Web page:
Refugees and Migration
Immigration: Boon or Bane to the US
The Costs of Immigration
and Immigrants (pp 34-39,52-57,69-71)
In terms of economic theory the same argument for the free movement of trade should apply also to labor: the free movement of labor (free market) will allocate labor more efficiently. At the aggregate level moving labor from poor countries to rich should make better use of global resources, and add to global income. At the micro-level, ethnic minorities represent a vast up-tapped resource for organizations both as workers and as consumers of goods and services. Migration, however, is a subject where policy is determined more by prejudice than reason
Migrants differ substantially by the category into which they fall. The basic categories of migrants are
1. Immigrants - legal and illegal
3. Non-Immigrants - tourists, guest workers, business visitors, foreign students/exchange visitors
There is also substantial deviation within each category:
1. Settlers- people who enter a country to live there permanently (U.S, Canada and Australia are the three major destinations of settlers). When family and friends send for others to join them, chain migration occurs.
2. Circular migration - people admitted with the understanding they will work for a limited period and then return to their country of origin. The majority are unskilled or semi-skilled. This category also includes seasonal and temporary workers. Temporary or contract workers can be found in the tourist industries (hotels and restaurants). In 1990, for example, there were 6 million contract workers in the Middle East (from other parts of Arabia and Asia). The majority are of circular migrants, however, are employed in agriculture and come from East to West Europe and from Latin America/Caribbean to the U. S. and Canada to harvest crops. There are 11,000 seasonal workers in France, 150,000 in Germany, and 70,000 in Mexico. Gypsies have historically been seasonal workers, traveling from region to region. More recently, the US Hotel Industry is recruiting seasonal workers form Jamaica, W.I.
3. Professional/Career migration - includes those with higher skills that transfer easily from country to country. This category includes managers and technicians from multi-national companies, trainees, academics and students circulating through systems of higher education.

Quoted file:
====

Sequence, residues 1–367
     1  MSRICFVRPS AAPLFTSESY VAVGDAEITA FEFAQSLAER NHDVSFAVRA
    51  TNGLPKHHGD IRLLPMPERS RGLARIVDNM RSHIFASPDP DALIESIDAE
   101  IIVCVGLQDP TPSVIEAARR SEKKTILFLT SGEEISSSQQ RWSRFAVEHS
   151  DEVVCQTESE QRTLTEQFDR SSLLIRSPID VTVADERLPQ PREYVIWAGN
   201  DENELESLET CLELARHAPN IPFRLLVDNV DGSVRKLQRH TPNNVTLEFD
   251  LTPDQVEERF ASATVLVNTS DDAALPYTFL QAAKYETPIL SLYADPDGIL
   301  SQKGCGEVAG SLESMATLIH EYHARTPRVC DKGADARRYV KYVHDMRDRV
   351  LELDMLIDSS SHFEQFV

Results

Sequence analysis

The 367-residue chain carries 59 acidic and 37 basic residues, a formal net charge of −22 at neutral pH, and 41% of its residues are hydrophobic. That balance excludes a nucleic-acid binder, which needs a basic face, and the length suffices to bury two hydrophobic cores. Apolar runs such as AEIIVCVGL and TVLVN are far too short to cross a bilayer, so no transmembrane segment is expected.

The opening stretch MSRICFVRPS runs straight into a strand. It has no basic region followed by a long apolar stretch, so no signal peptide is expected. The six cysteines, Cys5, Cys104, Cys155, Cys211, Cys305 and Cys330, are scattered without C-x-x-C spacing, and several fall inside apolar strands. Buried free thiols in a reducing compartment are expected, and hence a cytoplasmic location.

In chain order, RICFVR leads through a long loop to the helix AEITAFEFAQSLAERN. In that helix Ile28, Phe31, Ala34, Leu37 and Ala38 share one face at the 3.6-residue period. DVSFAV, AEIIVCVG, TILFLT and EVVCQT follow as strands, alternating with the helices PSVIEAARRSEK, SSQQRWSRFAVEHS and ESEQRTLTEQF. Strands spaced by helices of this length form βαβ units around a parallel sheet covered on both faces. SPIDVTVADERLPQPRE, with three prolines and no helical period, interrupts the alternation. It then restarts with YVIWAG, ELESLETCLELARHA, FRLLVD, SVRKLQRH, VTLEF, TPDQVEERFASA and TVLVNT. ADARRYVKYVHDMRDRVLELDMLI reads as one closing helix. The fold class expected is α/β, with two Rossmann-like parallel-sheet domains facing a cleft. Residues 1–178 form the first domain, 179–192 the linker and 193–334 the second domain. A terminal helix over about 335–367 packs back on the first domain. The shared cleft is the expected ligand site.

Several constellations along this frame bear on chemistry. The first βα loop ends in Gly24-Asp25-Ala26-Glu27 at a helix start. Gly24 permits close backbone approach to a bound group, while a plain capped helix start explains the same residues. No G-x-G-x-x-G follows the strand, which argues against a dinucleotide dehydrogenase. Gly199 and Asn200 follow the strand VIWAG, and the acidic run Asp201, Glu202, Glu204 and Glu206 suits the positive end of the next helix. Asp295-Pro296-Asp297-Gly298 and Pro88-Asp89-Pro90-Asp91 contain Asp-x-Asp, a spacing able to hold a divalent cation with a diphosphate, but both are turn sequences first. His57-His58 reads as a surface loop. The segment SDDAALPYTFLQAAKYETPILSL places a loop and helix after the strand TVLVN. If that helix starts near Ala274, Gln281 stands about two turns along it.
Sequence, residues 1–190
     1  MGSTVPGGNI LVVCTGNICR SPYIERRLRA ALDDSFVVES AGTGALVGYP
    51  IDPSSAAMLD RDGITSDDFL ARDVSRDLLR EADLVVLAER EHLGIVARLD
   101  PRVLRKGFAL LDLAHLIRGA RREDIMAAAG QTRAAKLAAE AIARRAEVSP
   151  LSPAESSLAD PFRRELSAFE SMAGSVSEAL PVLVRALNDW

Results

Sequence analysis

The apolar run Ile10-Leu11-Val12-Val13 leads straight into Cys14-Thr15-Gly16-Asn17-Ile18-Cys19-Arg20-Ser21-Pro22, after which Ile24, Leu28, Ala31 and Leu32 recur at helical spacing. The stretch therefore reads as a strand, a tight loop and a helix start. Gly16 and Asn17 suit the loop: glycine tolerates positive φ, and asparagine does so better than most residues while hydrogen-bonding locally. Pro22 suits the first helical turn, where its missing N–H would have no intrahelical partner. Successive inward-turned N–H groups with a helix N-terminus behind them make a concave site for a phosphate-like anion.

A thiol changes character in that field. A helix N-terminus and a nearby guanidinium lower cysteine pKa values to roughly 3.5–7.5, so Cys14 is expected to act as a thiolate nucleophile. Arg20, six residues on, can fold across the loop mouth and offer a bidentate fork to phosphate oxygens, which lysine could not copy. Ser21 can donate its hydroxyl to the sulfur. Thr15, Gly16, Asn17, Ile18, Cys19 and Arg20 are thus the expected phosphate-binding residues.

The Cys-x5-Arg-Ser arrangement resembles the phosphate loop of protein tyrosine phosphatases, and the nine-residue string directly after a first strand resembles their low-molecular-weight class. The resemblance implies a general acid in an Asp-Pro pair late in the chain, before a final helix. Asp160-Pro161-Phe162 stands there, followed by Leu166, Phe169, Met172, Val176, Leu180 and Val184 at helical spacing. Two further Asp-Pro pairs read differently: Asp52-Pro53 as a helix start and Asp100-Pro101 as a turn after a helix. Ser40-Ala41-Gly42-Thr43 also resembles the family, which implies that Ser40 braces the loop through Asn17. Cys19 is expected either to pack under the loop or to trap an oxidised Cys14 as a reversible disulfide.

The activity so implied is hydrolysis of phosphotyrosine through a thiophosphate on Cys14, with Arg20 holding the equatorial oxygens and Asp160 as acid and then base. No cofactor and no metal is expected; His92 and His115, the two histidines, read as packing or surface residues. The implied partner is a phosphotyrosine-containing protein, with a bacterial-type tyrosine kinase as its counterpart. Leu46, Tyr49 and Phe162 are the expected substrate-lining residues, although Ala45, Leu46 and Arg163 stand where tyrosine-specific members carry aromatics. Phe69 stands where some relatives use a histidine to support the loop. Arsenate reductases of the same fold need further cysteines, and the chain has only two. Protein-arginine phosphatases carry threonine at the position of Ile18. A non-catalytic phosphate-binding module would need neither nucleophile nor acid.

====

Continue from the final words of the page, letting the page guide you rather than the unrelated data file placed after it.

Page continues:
4. Illegal immigrants - those who have:
entered the country illegally;
The largest numbers are found in the US (3 million), Europe (3 million) and millions more in Africa and South America. Many work in jobs that are "dangerous, dirty and difficult".
overstayed their visas (about 40% of all illegal immigrants in the U.S.) or
those entering legally but working without a permit (e.g. Czech's and Poles working in Germany).
5. Refugees/ forced migration- People who have left their country to escape danger. The majority of refugees settle in the developing world
What Exactly Is An Immigrant?
Technically an immigrant is a person who holds foreign citizenship/nationality.
Citizenship/nationality are determined by two methods
Jus Sanguinis - (law of blood). Citizenship is based either on the father's naitonality (or mother's if born out of wedlock). Most of Western and Northern Europe have Jus Sanguinis
Jus Soli - (las of soil). Citizenship is based on whether the person was born in the country. The U.S., Canada, and Australia use Jus Soli.
Problems with nationality: /citizenship
Colonial ties - people who are from former colonial are sometimes entitled to citizenship
Dual/double citizenship - many hold more than one citizenship
Hybrid systems - many countries have a combination of Jus soli and Jus Sanuinis
Is citizenship important?
Yes, for many people it is. In a business context, citizenship allows people to work without fear of being deported. To many foreign workers, the ability to get citizenship and the company's commitment to helping the employee obtain citizenship, are important criteria for job acceptance. Citizenship also allows people to vote and hold public office.
Much of the literature mostly focuses on refugees yet they make up only 20% --- 22.3 million or 1 in every 264 people. Most of the refugees are in Africa.
Criteria for determining if someone is a refugee:
1) fear of harm is well-founded
2) the harm, or persecution, would be inflicted upon the person on account of one of the five grounds; race, religion, nationality, membership of political opinion or social group.
Does NOT typically include:
THERE ARE BOTH POSITIVE AND NEGATIVE CONSEQUENCES OF MIGRATION
1. Remittances from workers working abroad 1. Remittances leave the country of employment
are returned to their homeland
2. Human capital is gained in receiving countries 2.Human capital is lost in providing country
Skills and technology are transferred (brain drain)
3. Cultural enrichment 3. Social, political and economic tensions
Remittances can be substantial. Emigrants transfer more than $65 billion back -- generating some 50% of 'export' earnings for some countries
Pakistan receive 9% of its GNP from remittances
Asian migrants in Middle East sent $7 billion to their respective homelands
Portugal earned 70% as much money as exports
Egypt 93 percent as much money as exports
Turkey 80 percent as much money as exports
Those who plan to return home, send home more remittances. It is estimated that each migrant helps 5 or 6 people at home, between 200-240 million people around the world depend on the support of friends or family members working abroad.